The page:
Latest Article in the Economist: Reality Bites for Municipal Wi-Fi

I file occasional pieces for the Economist, somewhere between 2 and 4 a year, and my latest is online and soon in print. I wrote about the poor state of municipal-scale Wi-Fi networks, and how the early business model by private providers like EarthLink turned out to be a huge wash. The market has changed, and future Wi-Fi networks built for cities will be on a very different financial footing with different promises made.

Twenty Percent Solution (Questions Must Be Asked)

A small mystery.

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Letter received with handwritten addresses.
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Sent from New York.
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Looked up the address. Non-descript building near former home of the New York Times. Many offices, including a few delivery boxes.

The faces in the flyer attached are unfamiliar.

Faces Tipper

Their Web site elucidates the issue no further.

Is this the world's strangest, slowest, most-expensive word-of-mouth campaign?


1011582648 3A3Ad62B26[Letter sent to head of the Seattle Monorail and director of operations]

My wife and I live in Seattle, and we had put off taking our 3-year-old on the monorail until there had been a good unbroken period of good service. Today, with my brother-in-law in town, we took our older son, my brother-in-law, and our 3-month-old on a trip from Seattle Center to Westlake Center.

On the return trip, we waited for 30 minutes for a train without any explanation. My wife finally went to the payment booth and asked what was up. The attendant explained that one of the trains had broken down and it would be 25 minutes before the next arrived.

My wife explained to the attendant that she might make an announcement. There was apparently no one else in authority present. The attendant, a non-native speaker, made two very quiet, inaudible announcements. We walked around and spread the news since the Monorail was incapable of doing such.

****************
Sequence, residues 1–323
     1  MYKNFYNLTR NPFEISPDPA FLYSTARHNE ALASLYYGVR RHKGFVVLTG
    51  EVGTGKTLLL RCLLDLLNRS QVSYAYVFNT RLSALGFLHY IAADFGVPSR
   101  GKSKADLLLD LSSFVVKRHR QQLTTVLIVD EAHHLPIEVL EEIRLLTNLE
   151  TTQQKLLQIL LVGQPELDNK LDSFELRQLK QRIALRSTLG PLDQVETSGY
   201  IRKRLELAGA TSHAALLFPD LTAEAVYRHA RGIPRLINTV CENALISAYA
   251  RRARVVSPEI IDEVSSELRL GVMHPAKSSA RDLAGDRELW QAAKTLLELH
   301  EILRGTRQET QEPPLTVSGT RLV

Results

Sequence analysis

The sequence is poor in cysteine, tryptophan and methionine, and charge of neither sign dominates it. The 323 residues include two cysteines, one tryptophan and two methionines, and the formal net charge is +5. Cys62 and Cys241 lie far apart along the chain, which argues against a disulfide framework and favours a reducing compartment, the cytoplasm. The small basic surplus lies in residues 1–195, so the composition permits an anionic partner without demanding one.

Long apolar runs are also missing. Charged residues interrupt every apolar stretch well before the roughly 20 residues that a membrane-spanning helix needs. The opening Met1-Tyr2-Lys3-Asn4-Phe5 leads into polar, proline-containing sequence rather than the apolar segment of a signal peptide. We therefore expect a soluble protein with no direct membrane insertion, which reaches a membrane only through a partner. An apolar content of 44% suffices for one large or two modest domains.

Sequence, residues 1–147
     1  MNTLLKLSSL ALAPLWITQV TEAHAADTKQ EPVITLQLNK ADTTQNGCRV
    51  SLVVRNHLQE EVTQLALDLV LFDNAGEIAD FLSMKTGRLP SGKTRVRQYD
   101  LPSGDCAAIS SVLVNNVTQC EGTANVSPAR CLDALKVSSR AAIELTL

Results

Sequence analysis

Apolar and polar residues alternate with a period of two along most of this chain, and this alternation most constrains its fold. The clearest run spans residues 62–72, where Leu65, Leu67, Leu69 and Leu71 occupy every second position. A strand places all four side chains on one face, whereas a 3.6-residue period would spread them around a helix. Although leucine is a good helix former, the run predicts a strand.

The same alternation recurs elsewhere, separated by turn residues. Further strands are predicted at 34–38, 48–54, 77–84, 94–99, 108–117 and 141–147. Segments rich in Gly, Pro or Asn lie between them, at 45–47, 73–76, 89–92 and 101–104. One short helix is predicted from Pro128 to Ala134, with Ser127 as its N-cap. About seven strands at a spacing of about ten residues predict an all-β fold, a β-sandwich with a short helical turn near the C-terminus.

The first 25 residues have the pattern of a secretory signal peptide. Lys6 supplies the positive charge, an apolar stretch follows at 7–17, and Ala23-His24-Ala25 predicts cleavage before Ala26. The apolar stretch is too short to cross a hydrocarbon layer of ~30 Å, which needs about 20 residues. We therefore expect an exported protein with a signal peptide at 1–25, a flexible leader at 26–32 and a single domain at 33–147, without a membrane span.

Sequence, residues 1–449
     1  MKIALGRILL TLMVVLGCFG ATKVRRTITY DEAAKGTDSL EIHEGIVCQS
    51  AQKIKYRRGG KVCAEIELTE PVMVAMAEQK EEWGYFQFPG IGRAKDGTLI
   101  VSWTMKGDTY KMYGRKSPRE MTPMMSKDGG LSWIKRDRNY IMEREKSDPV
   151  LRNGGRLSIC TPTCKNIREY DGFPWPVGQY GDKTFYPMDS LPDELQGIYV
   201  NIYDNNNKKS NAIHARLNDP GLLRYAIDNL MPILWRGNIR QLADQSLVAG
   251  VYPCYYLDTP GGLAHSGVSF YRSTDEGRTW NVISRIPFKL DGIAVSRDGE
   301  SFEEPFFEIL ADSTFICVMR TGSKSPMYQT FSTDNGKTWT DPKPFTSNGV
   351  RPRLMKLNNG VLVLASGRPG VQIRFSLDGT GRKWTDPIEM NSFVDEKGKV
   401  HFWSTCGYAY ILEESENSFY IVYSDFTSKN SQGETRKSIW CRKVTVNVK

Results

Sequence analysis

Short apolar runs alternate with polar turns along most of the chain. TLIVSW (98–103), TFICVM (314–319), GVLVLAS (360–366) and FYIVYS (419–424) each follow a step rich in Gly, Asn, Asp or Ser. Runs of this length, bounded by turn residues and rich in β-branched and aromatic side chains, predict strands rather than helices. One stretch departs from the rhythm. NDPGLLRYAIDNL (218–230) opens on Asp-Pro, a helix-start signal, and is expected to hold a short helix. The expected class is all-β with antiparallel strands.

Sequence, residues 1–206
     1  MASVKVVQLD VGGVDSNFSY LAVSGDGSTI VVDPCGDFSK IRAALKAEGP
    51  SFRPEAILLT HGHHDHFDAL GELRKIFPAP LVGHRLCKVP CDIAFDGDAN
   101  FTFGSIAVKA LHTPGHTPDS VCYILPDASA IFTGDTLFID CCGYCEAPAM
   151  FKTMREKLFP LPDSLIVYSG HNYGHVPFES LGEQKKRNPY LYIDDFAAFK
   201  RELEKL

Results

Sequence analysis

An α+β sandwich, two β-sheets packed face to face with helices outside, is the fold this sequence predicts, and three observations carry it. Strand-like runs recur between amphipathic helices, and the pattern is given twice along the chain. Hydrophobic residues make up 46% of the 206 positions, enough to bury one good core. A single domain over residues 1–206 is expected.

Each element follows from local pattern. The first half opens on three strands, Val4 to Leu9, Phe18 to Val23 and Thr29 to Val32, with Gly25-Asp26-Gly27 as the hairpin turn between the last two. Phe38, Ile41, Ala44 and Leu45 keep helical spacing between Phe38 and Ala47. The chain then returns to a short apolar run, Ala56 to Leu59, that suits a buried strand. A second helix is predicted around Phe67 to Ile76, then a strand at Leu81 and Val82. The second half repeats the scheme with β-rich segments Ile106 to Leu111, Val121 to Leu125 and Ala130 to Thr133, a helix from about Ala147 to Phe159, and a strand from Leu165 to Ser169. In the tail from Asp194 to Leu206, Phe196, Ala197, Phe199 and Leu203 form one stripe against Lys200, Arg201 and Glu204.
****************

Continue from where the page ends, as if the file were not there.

With our kids overtired and having already waited 30 minutes, and my suspicion being that in another 30 minutes, we would be lucky to make it onboard the train -- and my desire to not be trapped in case it was a track problem rather than a train problem -- we walked about six blocks and caught a bus.

I didn't wait in the 100-person line for refunds. Nor did the attendant or anyone present have any information about an alternative, such as the nearest bus routes.

I would like my $6.00 back for our return trip and $3.75 for having to pay for a bus to get us back to Seattle Center.

$9.75 is sort of a ridiculous sum to ask for, but I trusted the Monorail and you all let me down. I'd be happy to send you receipts for the round-trip tickets we used half of.

There needs to be someone in charge at Westlake Center when something goes wrong--within 30 minutes, someone could have gotten from Seattle Center, if that's where operations are based, to at least explain to the crowds, numbering about 200 by the time we left.

The attendant was *still selling tickets* even as she gave refunds when we left.